If you have three good knowledgeable people, you can do a small dressage show. (Scribe, back gate person, secretary). Signs can do your parking and direction. Entries online as much as possible.

If you have five or six (or more) good people, you can do a jumper ring. Scribe, in gate, warmup, and 2 for jump crew or so. The more you have for jump crew the better it is for all the crew, as they can spread out, and cover areas of the ring without traversing the entire span – keeps them going a bit longer during the day. Having a couple of back gate/ in gate folks also helps, run them in 3 to 4 hour shifts if you can or pair them to learn to help each other as a team to keep rides moving.

An event takes the most people. In addition to the above, you need a starter for XC and finish timer. And jump judges….at least 20 for most recognized events. If you are running a starter event you really only need judges that can be stationed to see multiple jumps in their area. Olde Hope Farm used to have a tower that allowed the jump judges to see the entire jumping field. At Plantation, at the top of the hill that traverses the field, you can see most every jump. And you can always go on the honesty system, too, where the rider reports to the finish person if they had a stop or not. Yes, this works!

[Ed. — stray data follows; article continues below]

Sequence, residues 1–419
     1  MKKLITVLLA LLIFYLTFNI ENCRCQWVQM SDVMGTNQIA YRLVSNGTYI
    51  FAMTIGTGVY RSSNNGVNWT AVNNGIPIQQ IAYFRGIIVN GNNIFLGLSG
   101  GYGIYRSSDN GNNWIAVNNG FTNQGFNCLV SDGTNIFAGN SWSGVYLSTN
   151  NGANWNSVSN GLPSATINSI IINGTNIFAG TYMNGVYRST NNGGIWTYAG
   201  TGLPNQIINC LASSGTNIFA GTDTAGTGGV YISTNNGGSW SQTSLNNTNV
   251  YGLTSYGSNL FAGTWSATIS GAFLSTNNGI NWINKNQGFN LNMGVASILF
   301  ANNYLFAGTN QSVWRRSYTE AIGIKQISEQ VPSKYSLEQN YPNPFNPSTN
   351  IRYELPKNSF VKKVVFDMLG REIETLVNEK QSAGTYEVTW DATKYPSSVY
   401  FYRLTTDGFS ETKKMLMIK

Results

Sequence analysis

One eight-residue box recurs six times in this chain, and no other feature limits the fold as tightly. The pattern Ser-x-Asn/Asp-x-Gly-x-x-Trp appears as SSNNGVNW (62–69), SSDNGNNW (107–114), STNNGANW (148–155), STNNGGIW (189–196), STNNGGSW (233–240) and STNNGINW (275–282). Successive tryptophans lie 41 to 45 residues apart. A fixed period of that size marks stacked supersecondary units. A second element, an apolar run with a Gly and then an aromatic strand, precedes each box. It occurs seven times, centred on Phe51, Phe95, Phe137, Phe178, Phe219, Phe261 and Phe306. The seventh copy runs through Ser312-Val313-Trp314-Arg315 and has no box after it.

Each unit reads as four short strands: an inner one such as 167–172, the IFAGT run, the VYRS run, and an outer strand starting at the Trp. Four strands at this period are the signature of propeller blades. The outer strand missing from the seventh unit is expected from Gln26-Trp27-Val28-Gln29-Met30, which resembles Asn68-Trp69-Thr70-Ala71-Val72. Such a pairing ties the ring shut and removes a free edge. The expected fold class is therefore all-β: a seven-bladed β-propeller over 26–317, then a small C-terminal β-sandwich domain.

The point is, events take quadruple the amount of volunteers that other equestrian sports need to function. Because of this need, the sport has to continually utilize outreach to find volunteers to fill necessary jobs. A factor is the jump crew syndrome. That is, a bare minimum of help makes it harder for all who do show up. Better to have more than less, in order to give everyone collectively a kinder experience. So you can’t really get by with a bare minimum. It will erode your diehards, and then you will have nothing.

To jump crew for eight hours, to run warmup or bit check for eight hours, to scribe for eight hours is BRUTAL. Every single competitor at horse trials and events needs to know in their bones what it takes to survive an eight hour day volunteering. JMO.